Most Active Stories
- Shreveport fencing documentary cuts across bigger life lessons
- Northwestern State musicians perform 'Earthrise' with its British composer in the wings
- Metropolitan Opera: Mascagni’s Cavalleria Rusticana & Leoncavallo’s Pagliacci
- Elio Motors is in an 'engineering-centric' phase, says founder
- Caravan: Airheart Live in the Red River Radio studios
Obama Touts Improved Climate For U.S. Businesses
Originally published on Tue August 5, 2014 9:47 am
DAVID GREENE, HOST:
Let's hear about one area where President Obama's been trying to defend his record. Many corporate leaders complain that the president's been anti-business during his time in office. Not so, Obama said in an interview with The Economist Magazine. Here's NPR's Jim Zarroli.
JIM ZARROLI, BYLINE: Since coming to office, President Obama has faced complaints from corporate leaders that his policies have been bad for the economy and that he has imposed too many regulations. In an interview on Air Force One, the president responded by saying business people always complain about regulation. That's their job. But he said look at the facts. The stock market is at a record high and so are corporate profits.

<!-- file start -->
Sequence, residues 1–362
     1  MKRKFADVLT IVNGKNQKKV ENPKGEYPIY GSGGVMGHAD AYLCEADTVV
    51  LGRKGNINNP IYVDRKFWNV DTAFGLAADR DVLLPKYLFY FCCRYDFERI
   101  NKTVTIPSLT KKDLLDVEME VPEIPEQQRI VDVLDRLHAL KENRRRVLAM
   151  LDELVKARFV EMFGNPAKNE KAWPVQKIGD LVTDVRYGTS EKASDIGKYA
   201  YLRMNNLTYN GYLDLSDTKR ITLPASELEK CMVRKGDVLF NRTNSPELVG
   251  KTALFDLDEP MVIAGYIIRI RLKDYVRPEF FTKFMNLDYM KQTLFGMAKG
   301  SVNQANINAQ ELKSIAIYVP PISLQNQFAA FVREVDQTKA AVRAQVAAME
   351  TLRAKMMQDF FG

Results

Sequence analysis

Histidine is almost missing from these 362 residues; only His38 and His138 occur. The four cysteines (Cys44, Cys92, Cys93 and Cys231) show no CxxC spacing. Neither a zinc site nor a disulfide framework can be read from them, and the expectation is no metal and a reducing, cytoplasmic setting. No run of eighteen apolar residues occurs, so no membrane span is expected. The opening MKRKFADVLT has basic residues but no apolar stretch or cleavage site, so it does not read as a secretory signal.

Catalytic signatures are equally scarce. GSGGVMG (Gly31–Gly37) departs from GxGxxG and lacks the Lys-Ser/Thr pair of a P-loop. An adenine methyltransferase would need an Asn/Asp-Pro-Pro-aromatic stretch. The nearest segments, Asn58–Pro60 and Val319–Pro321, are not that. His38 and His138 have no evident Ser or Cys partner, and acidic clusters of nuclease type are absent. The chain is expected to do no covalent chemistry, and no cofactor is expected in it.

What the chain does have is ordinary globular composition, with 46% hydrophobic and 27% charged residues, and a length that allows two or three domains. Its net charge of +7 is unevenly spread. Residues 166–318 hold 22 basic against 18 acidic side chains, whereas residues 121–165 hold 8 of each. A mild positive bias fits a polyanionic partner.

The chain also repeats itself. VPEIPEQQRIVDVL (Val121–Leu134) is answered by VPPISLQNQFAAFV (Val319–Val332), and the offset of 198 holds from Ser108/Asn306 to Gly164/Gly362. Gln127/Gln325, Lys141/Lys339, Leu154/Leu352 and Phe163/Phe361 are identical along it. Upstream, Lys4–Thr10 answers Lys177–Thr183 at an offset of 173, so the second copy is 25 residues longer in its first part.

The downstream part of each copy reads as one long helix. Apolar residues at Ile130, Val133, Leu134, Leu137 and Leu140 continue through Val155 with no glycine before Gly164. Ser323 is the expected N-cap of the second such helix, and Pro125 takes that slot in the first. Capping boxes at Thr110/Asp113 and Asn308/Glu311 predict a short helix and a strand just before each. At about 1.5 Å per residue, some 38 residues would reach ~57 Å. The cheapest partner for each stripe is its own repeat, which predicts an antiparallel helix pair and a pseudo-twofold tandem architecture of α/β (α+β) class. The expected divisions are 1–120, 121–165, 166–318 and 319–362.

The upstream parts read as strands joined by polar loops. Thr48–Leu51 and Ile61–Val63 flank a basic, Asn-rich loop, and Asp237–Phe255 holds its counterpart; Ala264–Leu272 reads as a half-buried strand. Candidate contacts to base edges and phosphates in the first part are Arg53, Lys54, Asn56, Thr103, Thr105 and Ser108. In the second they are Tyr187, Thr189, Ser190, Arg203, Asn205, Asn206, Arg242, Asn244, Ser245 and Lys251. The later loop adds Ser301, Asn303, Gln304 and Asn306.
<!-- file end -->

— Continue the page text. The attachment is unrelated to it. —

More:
(SOUNDBITE OF ARCHIVED RECORDING)
PRESIDENT BARACK OBAMA: Since I have come in to office, there is almost no economic metric by which you couldn't say that the U.S. economy is better and that corporate bottom lines are better - none.
ZARROLI: In the interview, the president said he meets often with corporate CEOs - probably more than they care to admit, he said. And he said there's a huge gap between their professed values and visions and how they operate in Washington. Many CEOs claim to be socially responsible. But he said if your lobbyist is working harder on preserving tax breaks than on education and the environment, then you don't care as much as you say. Former Hewlett-Packard CEO, Carly Fiorina, took issue with the president's remarks. She told CNBC it's true that stocks are doing well under Obama. But she said that's mainly because interest rates are low and there aren't a lot of alternative places to invest. Jim Zarroli, NPR News, New York. Transcript provided by NPR, Copyright NPR.